August 29, 2012 Edition

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Walnut Ridge City Council members Michael "Button" Wallin (left) and Paula Haskins (right), along with City Clerk Carolyn Hayes and Mayor Don House, discuss the threat of West Nile Virus at a special meeting Friday night.

WR Council discusses West Nile

Gloria Wilkerson
Staff Writer

The Walnut Ridge City Council held a special meeting Friday night to discuss a plan of action to combat mosquitoes that could bring the West Nile Virus into the city. College City Recorder/Treasurer Joy Ring and Dale Leatherman, vice president for business affairs at Williams Baptist College, also attended the meeting. As of Friday, no cases in this area have been reported to the Arkansas State Health Department, according to Mayor Don House. However, the virus has been reported in seven Arkansas counties and has caused two deaths in Western Arkansas.

"I have been following the spread of this virus since Dallas began reporting cases there, and I want to make sure we do everything we can possibly do to protect the citizens of Walnut Ridge," said Alderman Michael "Button" Wallin, chairman of the mosquito committee. "Nothing more and nothing less."

Wallin has volunteered the use of his plane and his services in the event the need for spraying by air becomes necessary. The Walnut Ridge Regional Airport will sell the city fuel for the plane at half price.

"Preventative measures need to be taken," said Mayor Don House. "We want to let our people know that Walnut Ridge is prepared to address the problem if it becomes necessary."

"The mosquito count in Walnut Ridge is down right now," said Roy Marshall, city mosquito superintendent. "We are keeping a close check on our mosquito traps to make sure the numbers are not increasing."

One concern is that with the rains and/or winds from Hurricane Isaac headed toward Arkansas, the mosquito population will likely increase dramatically, which increases the chances of the West Nile Virus hitting Walnut Ridge and College City, who also pays the city of Walnut Ridge for mosquito control.

The council agreed to spray the city by plane if the mosquito count begins to increase. Alderman Rob Combs voted against spraying by plane, but was in favor of spraying the chemical by truck, which he feels would have less environmental impact.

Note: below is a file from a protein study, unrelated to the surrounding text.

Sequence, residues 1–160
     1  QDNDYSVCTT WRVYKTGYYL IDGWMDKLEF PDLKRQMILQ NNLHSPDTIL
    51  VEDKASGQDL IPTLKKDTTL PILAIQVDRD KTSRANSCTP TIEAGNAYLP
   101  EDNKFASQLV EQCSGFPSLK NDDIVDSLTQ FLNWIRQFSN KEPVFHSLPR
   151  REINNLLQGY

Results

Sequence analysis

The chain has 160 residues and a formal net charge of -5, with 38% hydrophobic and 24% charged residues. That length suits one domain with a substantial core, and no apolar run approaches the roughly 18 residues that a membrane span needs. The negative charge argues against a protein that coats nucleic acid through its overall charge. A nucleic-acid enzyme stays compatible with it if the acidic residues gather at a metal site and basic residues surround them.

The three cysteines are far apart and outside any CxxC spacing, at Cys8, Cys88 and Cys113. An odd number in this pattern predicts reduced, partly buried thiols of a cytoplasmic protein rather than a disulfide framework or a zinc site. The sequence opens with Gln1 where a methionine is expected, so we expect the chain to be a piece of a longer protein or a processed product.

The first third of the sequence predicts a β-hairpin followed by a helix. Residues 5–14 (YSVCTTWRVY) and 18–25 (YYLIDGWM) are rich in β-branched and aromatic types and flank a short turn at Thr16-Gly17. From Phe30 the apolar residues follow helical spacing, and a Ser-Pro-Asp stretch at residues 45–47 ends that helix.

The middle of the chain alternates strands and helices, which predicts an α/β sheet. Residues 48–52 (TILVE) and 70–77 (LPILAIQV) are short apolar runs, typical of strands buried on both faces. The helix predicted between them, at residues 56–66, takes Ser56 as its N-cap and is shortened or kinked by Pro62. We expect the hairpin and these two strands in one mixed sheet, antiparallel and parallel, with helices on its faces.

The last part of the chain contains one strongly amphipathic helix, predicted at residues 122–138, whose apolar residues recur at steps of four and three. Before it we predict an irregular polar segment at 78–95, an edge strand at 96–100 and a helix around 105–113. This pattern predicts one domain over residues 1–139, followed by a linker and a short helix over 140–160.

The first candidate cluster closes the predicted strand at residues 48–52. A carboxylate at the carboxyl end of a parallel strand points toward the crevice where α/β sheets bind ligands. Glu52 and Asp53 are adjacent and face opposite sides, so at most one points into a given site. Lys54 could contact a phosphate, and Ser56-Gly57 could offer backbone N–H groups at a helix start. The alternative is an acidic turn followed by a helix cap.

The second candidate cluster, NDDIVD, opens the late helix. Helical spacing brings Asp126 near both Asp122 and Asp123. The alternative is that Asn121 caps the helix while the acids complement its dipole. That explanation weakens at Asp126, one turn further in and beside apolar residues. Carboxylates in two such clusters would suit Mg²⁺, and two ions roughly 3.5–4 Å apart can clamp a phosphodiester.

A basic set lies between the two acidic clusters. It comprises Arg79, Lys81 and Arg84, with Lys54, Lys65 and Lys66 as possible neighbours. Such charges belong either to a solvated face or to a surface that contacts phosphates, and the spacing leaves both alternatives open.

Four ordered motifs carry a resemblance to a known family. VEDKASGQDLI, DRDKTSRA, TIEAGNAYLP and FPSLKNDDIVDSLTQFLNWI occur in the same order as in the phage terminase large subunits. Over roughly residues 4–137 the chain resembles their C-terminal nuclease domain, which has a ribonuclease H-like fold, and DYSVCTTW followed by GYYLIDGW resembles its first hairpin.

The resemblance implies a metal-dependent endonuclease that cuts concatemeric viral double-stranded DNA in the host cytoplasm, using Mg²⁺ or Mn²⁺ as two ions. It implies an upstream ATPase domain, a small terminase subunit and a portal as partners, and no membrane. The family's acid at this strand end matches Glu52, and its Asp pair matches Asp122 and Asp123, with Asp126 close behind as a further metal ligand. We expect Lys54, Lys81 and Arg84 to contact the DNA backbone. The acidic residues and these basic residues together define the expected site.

Wallin and Alderman Wendell Jones told Combs the trucks cannot reach the mosquitoes that are up in trees and other high places, but the plane can.

In the event the mosquito count goes up considerably, the city will spray with Aqualuer 20-20, a chemical highly recommended by the company in Newport that supplies the chemicals the city uses for mosquito control throughout the summer. Wallin said the company told him the chemical kills the insects on contact, which would greatly decrease the number of mosquitoes following an aerial spray and allow spraying by truck to then keep the numbers under control.

"I am going to contact the FAA and get their approval now so that if we see that we need to spray by plane, we'll be ready," Wallin said. "We don't want to wait until someone here comes down with the virus before we take action. We'll watch our numbers and stay in close touch with the state health department."

"Our citizens will be given advance notice if we have to spray by plane," he added. "They may want to take some precautions such as staying inside while we are spraying, and maybe bringing in their pets."

The council also agreed there are things citizens can do to help reduce the number of mosquitoes around their homes such as cutting tall grass, emptying anything containing standing water and removing anything that can harbor the insects. Health experts advise taking precautions to reduce the chances of being bitten by mosquitoes, such as using repellent from dusk to dawn and wearing long sleeves and pants when outdoors.

On Aug. 22, the Centers for Disease Control released figures that showed 1,118 known human cases of West Nile Virus in the United States, including 41 deaths nationwide with two in Arkansas. That number is an increase of 425 cases in one week and the highest number ever recorded in the U.S. at this time of year. According to the CDC, the true numbers are likely to be higher, since cases emerge at local and state level before coming to the federal agency's attention.

"We're in the midst of one of the largest West Nile oubreaks ever seen in the U.S.," said Dr. Lyle Peterson of the CDC. An elderly woman died from the disease in Fresno, Calif., officials said on Aug. 21. Six people have died in Louisiana this year. Texas, Mississippi, Louisiana, South Dakota and Oklahoma accounted for 75 percent of the cases by Aug. 24. Tennessee and Missouri have also reported cases.

A warm winter and ample spring rainfall (in some states) have been blamed for the sharp rise. About half of all infections in the U.S. this year are in Texas, but according to the CDC, West Nile is present in 47 states. Texas is the epicenter of this year's outbreak and, Dallas is spraying insecticide from planes for the first time since 1966. Other cities are following suit.

West Nile was discovered in the U.S. in 1999. It typically peaks between mid-August and early September and is thought to be transmitted when mosquiotes bite infected birds, then people. The virus is usually worse in drought conditions.

Most humans who are infected do not become unwell, but around one in five develop flu-like symptoms and fewer than one percent of victims may suffer neurological complications that can lead to brain damage and death. Older people and those with weakened immune systems are most at risk.

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